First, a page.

Here, consideration of the five factors demonstrates that there was no substantial justification for Agbodjogbe's failure to disclose his damages calculation during discovery, and that failure was not harmless. First, the surprise to Plaintiff/Counter-Defendant Al-Sabah is clear, given that Counter-Plaintiff Agbodjogbe's approximately $4.5 million calculation is not evident from his Counterclaim. Indeed, the Counterclaim speaks only in terms of amounts “to be determined at trial, ” and the amount of “services rendered” to Al-Sabah. ECF 78, ¶¶ 56, 62, 68. Second, that surprise cannot be cured. Agbodjogbe made this disclosure with only eleven days left until trial; there is nothing he could do to cure the surprise to Plaintiff. The third factor cuts in Agbodjogbe's favor, as trial would not be disrupted by the introduction of damages evidence, since trial has not yet begun. See Southern States, 318 F.3d at 598-99 (finding that an expert's opinion would disrupt an already ongoing trial because “witnesses from distant places” had already testified, and would render the parties' trial preparation “obsolete”).

         The fourth factor also cuts in Agbodjogbe's favor, though only marginally. While evidence of his damages is unquestionably important to him, Agbodjogbe's proposed damages calculations undercut this proposition in multiple ways. First, his claim for lost personal wages would require expert testimony, because knowledge of what a real estate investor's services are worth is the type of specialized knowledge that requires satisfaction of Federal Rule of Evidence 702's predicates. However, Agbodjogbe has not designated any expert witness.[2] See ECF 198 at 31. Second, Agbodjogbe claims as damages the rental value of 306 North Howard Street property and the New York condominium apartment, as well as the New York apartment's related condominium fees, from 2017 to 2019. ECF 205-1 at 1. These are not proper measures of damages for his negligent misrepresentation, unjust enrichment, and quantum meruit claims, which seek damages for the value of Agbodjogbe's past real estate investment services, and for the future value of those properties that he believes Plaintiff is unlawfully trying to take from him.[3] Lastly, Agbodjogbe makes no request in his Counterclaim for an attorneys' fees award. See ECF 78, ¶¶ 50-68. All of these factors diminish the importance of Agbodjogbe's evidence supporting his damages claims.

         The final factor is Agbodjogbe's explanation for his failure to disclose. At the Pretrial Conference, Agbodjogbe's current counsel explained that they had not entered an appearance in this case until the later stages of the litigation, and that Agbodjogbe should not be punished for his prior counsel's shortcomings. The Court understands that Agbodjogbe's current counsel did not enter their appearances until April, 2019 (Mr. Sweeting) and October, 2019 (Mr. White). ECF 143; ECF 164. Fact discovery was already completed, ECF 133, ¶ 4, and the deadline for making Rule 26(e) supplementary disclosures had already passed, see ECF 92 at 1. This does not, however, excuse Agbodjogbe's failure to disclose his damages calculations until now. In May, 2019, after Mr. Sweeting made his appearance in this case, the parties requested a trial date sometime after October, 2019, “to ensure that Defendants' new counsel ha[d] sufficient time to familiarize himself with this case.” ECF 144, ¶ E. While the Court recognizes the vast increase in Defendants' counsels' workloads in needing to become familiar with all of the facts and issues for a lengthy trial, counsel should have recognized at some point before the eve of trial that Mr. Agbodjogbe had not made any of his required damages disclosures.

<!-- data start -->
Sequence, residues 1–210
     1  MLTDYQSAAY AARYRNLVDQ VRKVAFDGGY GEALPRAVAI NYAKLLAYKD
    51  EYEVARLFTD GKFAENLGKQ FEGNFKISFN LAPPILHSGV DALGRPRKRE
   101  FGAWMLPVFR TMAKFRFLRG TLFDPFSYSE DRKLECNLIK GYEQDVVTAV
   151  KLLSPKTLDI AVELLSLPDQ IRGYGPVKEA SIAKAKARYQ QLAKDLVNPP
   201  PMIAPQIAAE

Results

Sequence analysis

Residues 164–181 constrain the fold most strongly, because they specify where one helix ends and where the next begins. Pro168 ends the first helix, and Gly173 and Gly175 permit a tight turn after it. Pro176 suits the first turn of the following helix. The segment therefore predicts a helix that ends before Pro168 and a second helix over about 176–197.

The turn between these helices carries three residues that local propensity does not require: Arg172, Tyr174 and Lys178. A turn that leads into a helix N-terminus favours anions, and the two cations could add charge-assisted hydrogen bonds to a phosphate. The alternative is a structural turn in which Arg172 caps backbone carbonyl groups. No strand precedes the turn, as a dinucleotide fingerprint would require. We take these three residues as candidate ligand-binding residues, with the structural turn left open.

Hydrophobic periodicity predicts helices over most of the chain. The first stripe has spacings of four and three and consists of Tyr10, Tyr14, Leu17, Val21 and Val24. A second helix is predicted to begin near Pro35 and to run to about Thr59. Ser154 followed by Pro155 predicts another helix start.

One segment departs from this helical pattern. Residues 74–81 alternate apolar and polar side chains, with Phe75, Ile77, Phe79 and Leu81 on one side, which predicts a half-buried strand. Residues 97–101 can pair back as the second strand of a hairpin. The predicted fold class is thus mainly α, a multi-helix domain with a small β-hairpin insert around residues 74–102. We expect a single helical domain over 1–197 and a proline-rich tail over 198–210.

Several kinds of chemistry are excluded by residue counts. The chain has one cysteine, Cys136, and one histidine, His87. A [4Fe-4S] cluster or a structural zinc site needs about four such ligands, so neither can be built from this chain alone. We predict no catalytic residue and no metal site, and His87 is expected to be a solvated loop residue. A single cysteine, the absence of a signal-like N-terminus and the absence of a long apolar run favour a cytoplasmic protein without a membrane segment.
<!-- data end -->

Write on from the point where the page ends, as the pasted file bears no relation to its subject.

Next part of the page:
In sum, the five Southern States factors compel a finding that Agbodjogbe must be barred from presenting evidence on the issue of damages on his Counterclaim. Though Agbodjogbe's evidence on damages has some marginal importance and would not disrupt an ongoing trial, the incurable and prejudicial surprise to Plaintiff, coupled with an unpersuasive explanation for the delay, demonstrate that such a sanction is warranted. For these reasons, and for those stated on the record during the Pretrial Conference, this Court will impose sanctions pursuant to Rule 37(c)(1) and will bar Agbodjogbe from presenting evidence on the issue of damages on his Counterclaim. A separate implementing Order follows.



[1] While the entirety of the Proposed Pretrial Order is sealed, the parties have conferred and provided the Court with proposed redactions to the Proposed Pretrial Order that will allow the final version to be filed on the public docket. None of the ...